Dissertation
Dissertation > Language, writing > FOREIGN > English > Language teaching > Teaching method

The Treatment of Oral Errors in English Classroom

Author WuDongMi
Tutor LiuJiaRong
School Southwest China Normal
Course English Language and Literature
Keywords Oral Errors English class Error Analysis Theory Learner errors Language proficiency Classrooms Traditional grammar-translation method Error Handling Error correction Individual teachers
CLC H319.3
Type Master's thesis
Year 2002
Downloads 537
Quotes 4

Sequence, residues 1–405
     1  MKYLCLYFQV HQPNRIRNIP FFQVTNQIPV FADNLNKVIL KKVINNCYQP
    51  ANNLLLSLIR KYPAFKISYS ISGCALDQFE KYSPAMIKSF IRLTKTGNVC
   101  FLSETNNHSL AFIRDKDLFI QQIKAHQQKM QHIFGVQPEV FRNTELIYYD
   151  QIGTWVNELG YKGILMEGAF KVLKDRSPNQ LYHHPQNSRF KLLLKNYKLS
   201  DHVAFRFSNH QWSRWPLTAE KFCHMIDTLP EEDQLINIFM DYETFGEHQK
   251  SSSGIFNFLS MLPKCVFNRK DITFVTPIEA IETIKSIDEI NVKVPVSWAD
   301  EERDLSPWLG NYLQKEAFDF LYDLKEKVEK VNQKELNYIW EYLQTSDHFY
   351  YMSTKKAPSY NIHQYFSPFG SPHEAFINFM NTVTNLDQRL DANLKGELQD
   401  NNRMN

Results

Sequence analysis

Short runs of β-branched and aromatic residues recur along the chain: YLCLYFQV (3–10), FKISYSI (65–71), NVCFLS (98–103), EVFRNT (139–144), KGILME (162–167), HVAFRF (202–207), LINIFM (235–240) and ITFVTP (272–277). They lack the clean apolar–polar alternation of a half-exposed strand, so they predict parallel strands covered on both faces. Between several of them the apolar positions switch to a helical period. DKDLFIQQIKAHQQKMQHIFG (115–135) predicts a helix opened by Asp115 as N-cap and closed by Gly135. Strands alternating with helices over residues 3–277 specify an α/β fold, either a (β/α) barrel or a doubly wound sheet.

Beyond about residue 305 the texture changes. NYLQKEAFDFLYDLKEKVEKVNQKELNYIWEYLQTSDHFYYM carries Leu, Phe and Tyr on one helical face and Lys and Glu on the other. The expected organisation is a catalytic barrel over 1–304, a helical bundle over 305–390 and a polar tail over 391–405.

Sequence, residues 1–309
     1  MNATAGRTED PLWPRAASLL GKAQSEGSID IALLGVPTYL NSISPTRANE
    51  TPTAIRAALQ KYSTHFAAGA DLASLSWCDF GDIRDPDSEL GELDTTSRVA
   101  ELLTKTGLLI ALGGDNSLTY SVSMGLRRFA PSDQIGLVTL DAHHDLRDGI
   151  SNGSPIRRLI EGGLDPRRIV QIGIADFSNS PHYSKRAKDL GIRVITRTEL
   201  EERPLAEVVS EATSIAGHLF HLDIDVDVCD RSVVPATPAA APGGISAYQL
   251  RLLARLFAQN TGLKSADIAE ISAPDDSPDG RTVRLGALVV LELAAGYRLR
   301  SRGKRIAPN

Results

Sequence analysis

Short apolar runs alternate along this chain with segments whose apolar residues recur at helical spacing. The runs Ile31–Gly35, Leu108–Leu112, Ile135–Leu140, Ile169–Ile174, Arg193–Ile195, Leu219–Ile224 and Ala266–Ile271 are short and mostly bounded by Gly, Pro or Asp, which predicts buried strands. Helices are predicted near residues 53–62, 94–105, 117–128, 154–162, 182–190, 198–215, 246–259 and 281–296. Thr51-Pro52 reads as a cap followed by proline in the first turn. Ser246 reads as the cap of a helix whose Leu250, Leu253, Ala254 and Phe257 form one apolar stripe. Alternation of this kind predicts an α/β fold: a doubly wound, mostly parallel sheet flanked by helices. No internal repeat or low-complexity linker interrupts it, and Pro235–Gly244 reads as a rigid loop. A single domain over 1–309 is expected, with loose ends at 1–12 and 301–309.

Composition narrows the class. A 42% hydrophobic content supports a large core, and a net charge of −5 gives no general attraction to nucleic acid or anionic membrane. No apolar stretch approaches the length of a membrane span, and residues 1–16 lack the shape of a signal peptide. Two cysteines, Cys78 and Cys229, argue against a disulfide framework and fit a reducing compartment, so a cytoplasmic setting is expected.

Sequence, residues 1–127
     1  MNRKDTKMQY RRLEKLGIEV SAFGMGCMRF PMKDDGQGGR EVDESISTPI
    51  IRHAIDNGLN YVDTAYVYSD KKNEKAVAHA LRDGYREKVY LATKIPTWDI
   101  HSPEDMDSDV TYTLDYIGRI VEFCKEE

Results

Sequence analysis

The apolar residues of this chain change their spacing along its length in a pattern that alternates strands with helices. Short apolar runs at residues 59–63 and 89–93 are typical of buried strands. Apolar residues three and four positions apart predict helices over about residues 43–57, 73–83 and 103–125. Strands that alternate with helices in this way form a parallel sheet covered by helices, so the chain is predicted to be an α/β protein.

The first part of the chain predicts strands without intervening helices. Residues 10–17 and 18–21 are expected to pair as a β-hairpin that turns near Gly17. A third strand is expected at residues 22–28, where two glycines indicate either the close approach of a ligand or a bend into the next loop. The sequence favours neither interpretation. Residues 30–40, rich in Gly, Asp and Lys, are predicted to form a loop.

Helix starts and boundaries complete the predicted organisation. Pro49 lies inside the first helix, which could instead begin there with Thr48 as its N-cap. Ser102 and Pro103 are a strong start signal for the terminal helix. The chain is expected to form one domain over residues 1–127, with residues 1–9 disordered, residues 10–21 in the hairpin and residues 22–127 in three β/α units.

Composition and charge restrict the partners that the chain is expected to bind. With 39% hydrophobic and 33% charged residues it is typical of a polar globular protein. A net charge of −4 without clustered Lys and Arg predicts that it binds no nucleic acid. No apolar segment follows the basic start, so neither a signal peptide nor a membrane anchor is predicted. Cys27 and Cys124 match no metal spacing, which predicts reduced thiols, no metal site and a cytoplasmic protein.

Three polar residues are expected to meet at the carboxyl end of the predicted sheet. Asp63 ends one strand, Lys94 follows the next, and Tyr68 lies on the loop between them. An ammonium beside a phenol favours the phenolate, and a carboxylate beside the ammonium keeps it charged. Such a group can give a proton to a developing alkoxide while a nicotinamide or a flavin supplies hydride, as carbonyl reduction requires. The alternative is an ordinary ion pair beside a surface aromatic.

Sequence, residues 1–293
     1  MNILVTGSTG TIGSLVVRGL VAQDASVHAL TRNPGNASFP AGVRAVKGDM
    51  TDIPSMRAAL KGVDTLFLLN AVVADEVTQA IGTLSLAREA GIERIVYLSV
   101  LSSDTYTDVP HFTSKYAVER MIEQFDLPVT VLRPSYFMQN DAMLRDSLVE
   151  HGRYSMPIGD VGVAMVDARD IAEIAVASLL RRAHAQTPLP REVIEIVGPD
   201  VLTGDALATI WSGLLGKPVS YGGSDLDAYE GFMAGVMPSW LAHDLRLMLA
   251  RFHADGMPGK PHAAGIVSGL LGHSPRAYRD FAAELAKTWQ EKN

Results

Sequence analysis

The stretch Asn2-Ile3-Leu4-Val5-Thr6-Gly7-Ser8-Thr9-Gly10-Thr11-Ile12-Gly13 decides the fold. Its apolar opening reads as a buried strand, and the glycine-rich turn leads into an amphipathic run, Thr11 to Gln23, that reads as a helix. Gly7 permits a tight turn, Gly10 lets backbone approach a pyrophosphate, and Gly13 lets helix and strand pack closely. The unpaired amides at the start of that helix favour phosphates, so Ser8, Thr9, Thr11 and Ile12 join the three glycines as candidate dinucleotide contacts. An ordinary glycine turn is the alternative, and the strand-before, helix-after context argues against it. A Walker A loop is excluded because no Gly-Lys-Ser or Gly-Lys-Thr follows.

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Language learners’ errors were generally viewed as unwanted forms and must be avoided by any means. According to Behaviorist learning theory, the prevention of errors was more important than the identification of errors. It is not until the late 1960s, with the development of EA (Error Analysis) theory, that people began to view errors in a different way. By looking into different aspects concerned with error, this paper attempts to provide possible answers to the following questions: What causes learners to make errors? Are errors really a headache, or are they an< important part of learning itself, or a learning strategy? How and when should teachers correct learners’ errors? In China, little attention has been paid to oral error treatment, although many papers have been written on error analysis of students’ written productions. So based on real classroom experience and observations, this paper expects to show a general picture of error treatment in Chinese English classrooms and hopes to draw more attention to this issue to serve the purpose of improving English language teaching effectiveness in China.The dissertation is composed of five chapters.Chapter 1 gives a brief account of the notion ’error’ and traces the development of error treatment and the EA theory. People didn’t show great enthusiasm for EA until Corder published a series of articles in the late 1960s to shape a theoretical framework for EA. EA used to be associated exclusively with the field of foreign language teaching, but it has recently been attracting wider interests.Chapter 2 offers a description of errors from different angles. Various classificatory systems are introduced, including Corder, Dulay and Burt, Littlewood, Austin, Edge, Hammerly and James’ classifications. The interrelation between error and learner strategies, error and the question of correctness are also discussed. Furthermore, levels oferrors and diagnosis of errors are presented so that we might be able to get a better understanding of the causes of errors.Chapter 3 is devoted to the discussion of two factors that affect error treatment. Language proficiency of the instructor is believed to be responsible for error detection and error correction. Non-native teachers cannot be expected to treat errors that are beyond their language competence and that they cannot even notice. In this case, it is quite necessary to provide more chances for young teachers to go abroad to study to improve their own language proficiency. Changes in pedagogy have also influenced people’s attitudes towards error and its treatment. Teachers’ response to errors change with the teaching method they employ. Teachers using traditional grammar-translation method consider it very important to have the students get the correct answer. Any kind of distortion of grammatical rules is intolerable. In contrast, teachers who are fond of communicative approach are more likely to put fluency prior to accuracy. They will not be over-critical of language forms.Chapter 4 is a detailed explanation of the process of error treatment. Before an actual treatment of errors, the teacher has to decide whether to correct a learner’s errors. If the answer is i yes, then he has to consider who should do the correction at what time and in what way.Chapter 5 is a case study which is composed of a questionnaire for college English teachers and classroom observations. The results got from the questionnaire seem to suggest that Chinese teachers are rather liberal to learner errors and tend to put fluency prior to accuracy. But that’s only part of the story. Observations reveal the real picture that Chinese English teachers still pay too much attention to students’ formal accuracy, which confirms my hypothesis that error corrections in classroom are mainly form-focussed rather than function or content-oriented. Chinese teachers have been aware that it is more important to be able to communicate than to be correct, but in practice, they always slip into traditional methods, consciously or unconsciously. As a

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